On Feb. 8, Public Health employees from across Washington state – including many PROTEC17 members – gathered online for Public Health Legislative Education Day, held via Zoom for the second year in a row.

Legislative Education Day is typically a day where Washington’s Public Health professionals meet in-person with their local representatives to educate them about the important work they do every day to keep our state safe and healthy. While some virtual meetings were arranged between participants and their representatives after the main morning session, the online format brings the opportunity for professionals to learn about the issues both locally and at the national level from special guest speakers, and how sharing their work experiences can help inform policy and funding decisions. 

Participants were welcomed by Jeff Ketchel and Adrian Dominguez of the Washington State Public Health Association (WSPHA), which organized the event. The agenda was packed with Public Health experts including Kristin Peterson, the Deputy Secretary for Policy, Planning and Evaluation for the Washington State Department of Health, as well as various policy advocates on water flouridation, vaping regulation, cannibis revenue appropriation, and Black health in Washington state.  

Of note, Health Policy Director Nick Bath and Health Policy Advocate Sabah Ghulamali spoke at length on the efforts of the U.S. Senate Committee on Health, Education, Labor, and Pensions (HELP), of which U.S. Senator Parry Murray (D-WA) is Chair. Murray and the HELP Committee are working on the ‘Prepare for and Respond to Existing Viruses, and Emerging New Threats (PREVENT) Pandemics Act’, which would strengthen funding and rules surrounding pandemic preparedness at the Federal and State levels. While Public Health has responded as skillfully as possible to the COVID-19 pandemic, lessons learned over the last two years will help shape new policy that will allow for a stronger response should another global viral event happen in the future.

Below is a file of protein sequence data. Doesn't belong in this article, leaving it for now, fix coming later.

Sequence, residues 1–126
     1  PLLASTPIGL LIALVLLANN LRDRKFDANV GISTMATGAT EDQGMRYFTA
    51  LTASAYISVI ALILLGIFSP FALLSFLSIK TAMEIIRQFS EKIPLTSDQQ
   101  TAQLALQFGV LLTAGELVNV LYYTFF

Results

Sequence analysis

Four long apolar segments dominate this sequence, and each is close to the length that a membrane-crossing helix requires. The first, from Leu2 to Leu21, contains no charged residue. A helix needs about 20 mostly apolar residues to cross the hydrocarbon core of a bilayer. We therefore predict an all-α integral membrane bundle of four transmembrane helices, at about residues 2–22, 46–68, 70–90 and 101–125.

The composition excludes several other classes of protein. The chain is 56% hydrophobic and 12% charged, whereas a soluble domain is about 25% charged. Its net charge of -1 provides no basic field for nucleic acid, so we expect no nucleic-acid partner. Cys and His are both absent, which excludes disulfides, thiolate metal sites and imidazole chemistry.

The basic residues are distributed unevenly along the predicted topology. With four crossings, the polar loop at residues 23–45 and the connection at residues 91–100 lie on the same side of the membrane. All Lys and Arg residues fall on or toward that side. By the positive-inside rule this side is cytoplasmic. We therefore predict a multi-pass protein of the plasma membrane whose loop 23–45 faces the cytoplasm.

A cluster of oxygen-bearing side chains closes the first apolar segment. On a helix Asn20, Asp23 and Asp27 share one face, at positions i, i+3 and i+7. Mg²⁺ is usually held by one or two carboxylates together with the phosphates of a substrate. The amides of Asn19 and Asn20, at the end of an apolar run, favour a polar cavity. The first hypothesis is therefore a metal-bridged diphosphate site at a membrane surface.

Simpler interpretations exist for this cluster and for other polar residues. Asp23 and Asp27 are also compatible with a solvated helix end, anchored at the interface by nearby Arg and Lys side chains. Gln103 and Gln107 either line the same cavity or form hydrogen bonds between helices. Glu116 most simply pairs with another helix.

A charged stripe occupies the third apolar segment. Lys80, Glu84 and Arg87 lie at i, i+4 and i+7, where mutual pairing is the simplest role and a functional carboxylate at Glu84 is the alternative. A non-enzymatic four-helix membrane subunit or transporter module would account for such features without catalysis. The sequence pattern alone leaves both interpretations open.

Another important presentation by the Tubman Center for Health and Freedom focused on community-led health solutions, highlighting their efforts in Black and Indigenous communities in Washington State.  

While Public Health Legislative Education Day is not a day for public health professionals to directly ask for funding, it is an important opportunity to teach them how to give legislators a sense and scope of the most important issues and how budgetary constraints and limitations impact the health and safety of our communities. Also, as it is not a biennium budgetary year in Washington state, WSPHA and other health advocacy organizations are focused mainly on policy changes in 2022 that will create positive changes in our communities. 

The bills that were highlighted at Legislative Education Day are: HB1684/SB5587 concerning the floridation of drinking water for improved oral health; bills related to vaping regulation including SB5129 targeting youth tobacco enforcement, HB1676 reforming the vapor tax, and SB5768 on vapor flavor regulation; and cannabis legislation that would regulate Delta-8 THC and industrial hemp products, and restructure cannabis revenue appropriations for Public Health related programs.  

We will be tracking the status of Public Health bills and will post updates on our Political Action webpage: protec17.org/political-action. There, you can also learn about our 2022 legislative priorities and how to contact your Senators and Representatives.  Whether you are a Public Health employee or not, you can show your support for both Foundational and pandemic-related Public Health causes by reaching out to your state and local representatives.